Emergency Coordination

                                                      Emergency Coordinator's Page                                                                     
                       
                                            
       
(Previous articles can be found on the sub-pages at the bottom of this page)

++++++ARES® Membership++++++

Qualifications for membership in El Paso County Amateur Radio Emergency Service (EPCARES) are as follows:

  1. Have the following credentials:

a.       ICS-100 Introduction to the Incident Command System

b.      ICS-200 ICS for Single Resources and Initial Action Incidents

c.       IS-700 NIMS, an Introduction

d.      IS-800 National Response Framework (NRF), an Introduction

e.       Intro to Emergency Communication (EC-001) http://www.arrl.org/online-course-catalog

Candidates should submit an ARES® Registration Form (fsd98) along with copies of the above certificates of completion. Send them to kb5hpt@arrl.net.

By submitting your application for membership in ARES® you have indicated the following:

  1. You have registered your qualifications and communications equipment for use in public service during a communications emergency.
  2. You can work in a controlled environment.
  3. You have a desire to make a contribution to your community.

++++++EPCARES Data Operators++++++

ARES® Digital Operators: Positions are available for ARES® Digital Operators within the El Paso County ARES® (EPCARES). Required stations are as follows:
                    
                        a. Winlink 2000; VHF Packet Station capable of Winlink Express and Paclink
                        b. Winlink 2000; HF Station capable of WINMOR
                        c. Narrow Band Emergency Messaging System (NBEMS); VHF/HF Station

++++++ Amateur Radio Communications Teams (ARCT) ++++++

ARCT Type 2 (2 each for American Red Cross & 2 each for Salvation Army)

4 licensed and registered Amateur Radio Operators with two vehicles. Team leader (General class or higher). Capable of VHF/UHF & HF digital/voice communications for tactical, logistics, health/welfare, administrative, and other radio traffic.

ARCT Type 3 (Multiple)

4 licensed and registered Amateur Radio Operators with two vehicles. Team Leader (Technician class or higher). Capable of VHF/UHF digital/voice communications for tactical, logistics, health/welfare, administrative, and other radio traffic.

ARCT Type 4 (Multiple)

For assignment to agency or supplemental/relieve an existing multi-agency ARCT. 2 licensed and registered Amateur Radio Operators with two vehicles. Technician class or higher. Capable of VHF FM (minimum) equipped. HF desired (General class or higher required).

ARCT Type 5 (Multiple)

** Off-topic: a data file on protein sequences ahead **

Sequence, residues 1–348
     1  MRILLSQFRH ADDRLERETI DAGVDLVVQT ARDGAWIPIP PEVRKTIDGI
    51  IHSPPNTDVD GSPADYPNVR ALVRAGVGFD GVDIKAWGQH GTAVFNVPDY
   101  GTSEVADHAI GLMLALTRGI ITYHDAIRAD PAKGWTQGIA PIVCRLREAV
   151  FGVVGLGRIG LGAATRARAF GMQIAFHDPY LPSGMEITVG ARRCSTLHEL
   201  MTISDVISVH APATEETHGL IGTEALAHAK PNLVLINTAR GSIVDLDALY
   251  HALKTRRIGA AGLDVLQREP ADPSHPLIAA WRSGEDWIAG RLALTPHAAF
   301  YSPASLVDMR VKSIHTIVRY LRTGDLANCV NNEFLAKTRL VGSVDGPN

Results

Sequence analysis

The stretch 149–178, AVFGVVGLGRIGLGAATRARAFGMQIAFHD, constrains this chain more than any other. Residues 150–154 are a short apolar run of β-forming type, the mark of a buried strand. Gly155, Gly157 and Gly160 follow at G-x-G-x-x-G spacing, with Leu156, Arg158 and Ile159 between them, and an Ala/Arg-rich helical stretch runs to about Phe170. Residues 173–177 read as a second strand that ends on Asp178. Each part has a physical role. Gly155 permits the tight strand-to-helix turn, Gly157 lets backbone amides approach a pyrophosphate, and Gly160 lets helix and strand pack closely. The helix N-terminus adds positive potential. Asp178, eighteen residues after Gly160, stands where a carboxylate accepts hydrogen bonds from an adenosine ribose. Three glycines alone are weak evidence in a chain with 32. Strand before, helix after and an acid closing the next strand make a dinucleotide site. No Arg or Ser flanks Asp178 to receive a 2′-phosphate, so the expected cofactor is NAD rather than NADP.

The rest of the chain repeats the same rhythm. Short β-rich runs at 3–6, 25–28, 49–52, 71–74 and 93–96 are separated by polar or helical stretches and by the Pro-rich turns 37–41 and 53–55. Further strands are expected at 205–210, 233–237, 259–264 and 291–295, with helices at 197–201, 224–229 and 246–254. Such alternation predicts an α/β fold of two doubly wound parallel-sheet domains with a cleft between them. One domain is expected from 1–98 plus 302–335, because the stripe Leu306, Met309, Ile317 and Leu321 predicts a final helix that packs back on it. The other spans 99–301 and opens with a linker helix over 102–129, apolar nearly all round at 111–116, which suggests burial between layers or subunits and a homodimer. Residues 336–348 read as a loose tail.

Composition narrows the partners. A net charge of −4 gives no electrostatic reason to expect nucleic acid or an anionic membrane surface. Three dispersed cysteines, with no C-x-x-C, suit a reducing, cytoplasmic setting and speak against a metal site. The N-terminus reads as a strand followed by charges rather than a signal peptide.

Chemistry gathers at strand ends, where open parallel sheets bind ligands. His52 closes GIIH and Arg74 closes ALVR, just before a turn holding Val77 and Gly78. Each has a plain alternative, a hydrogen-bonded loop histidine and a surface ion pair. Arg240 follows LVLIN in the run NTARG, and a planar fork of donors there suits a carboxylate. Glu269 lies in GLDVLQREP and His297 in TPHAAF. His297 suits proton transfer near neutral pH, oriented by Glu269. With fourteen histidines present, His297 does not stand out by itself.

For assignment to agency or supplemental/relieve an existing multi-agency ARCT. 1 licensed and registered Amateur Radio Operator with a vehicle. Rarely ordered singly. 1 VHF FM (Minimum) with vehicle (Technician class or higher).



August 2017

EC Bulletin

This month I want to continue with the Monsoon Season trend of thought and talk about Pre-Activation. What will you need/should do prior to an actual SKYWARN® Activation. There is more to spotting than just responding to an activation. SKYWARN® Spotters must be prepared for activation. There is a plan (SOP) in place for SKYWARN® Spotters in the El Paso area. Without a plan, any unprepared response to activation would certainly wind up being a disaster and an embarrassment.

If you haven’t already done so read the July 2017 EC Bulletin below.

There are some things that should become a daily routine. One thing is that visiting the NWS website and look at the seven-day forecasts. I might point out that long range forecasts are not set in stone. The further out they are the more unpredictable they could be. Changes will happen. At any rate, an idea of what to expect can be made. Will there be a possibility of an activation in the coming days?

The next item to check is the Hazardous Weather Outlook (HWO). This is more specific and more up to date forecasting. At the bottom of the report a Spotter Activation Statement is given. Pay attention to this statement. I am currently posting the Daily Spotter Activation Statement on the Announcement page in this website. There isn’t a given time that the report must be put out so be sure to check back frequently to get today's statement.

Another tool is to look at the Storm Prediction Centers website http://www.spc.noaa.gov/. There are many different tools available on this website that could be beneficial to getting a better idea of the short-term predications.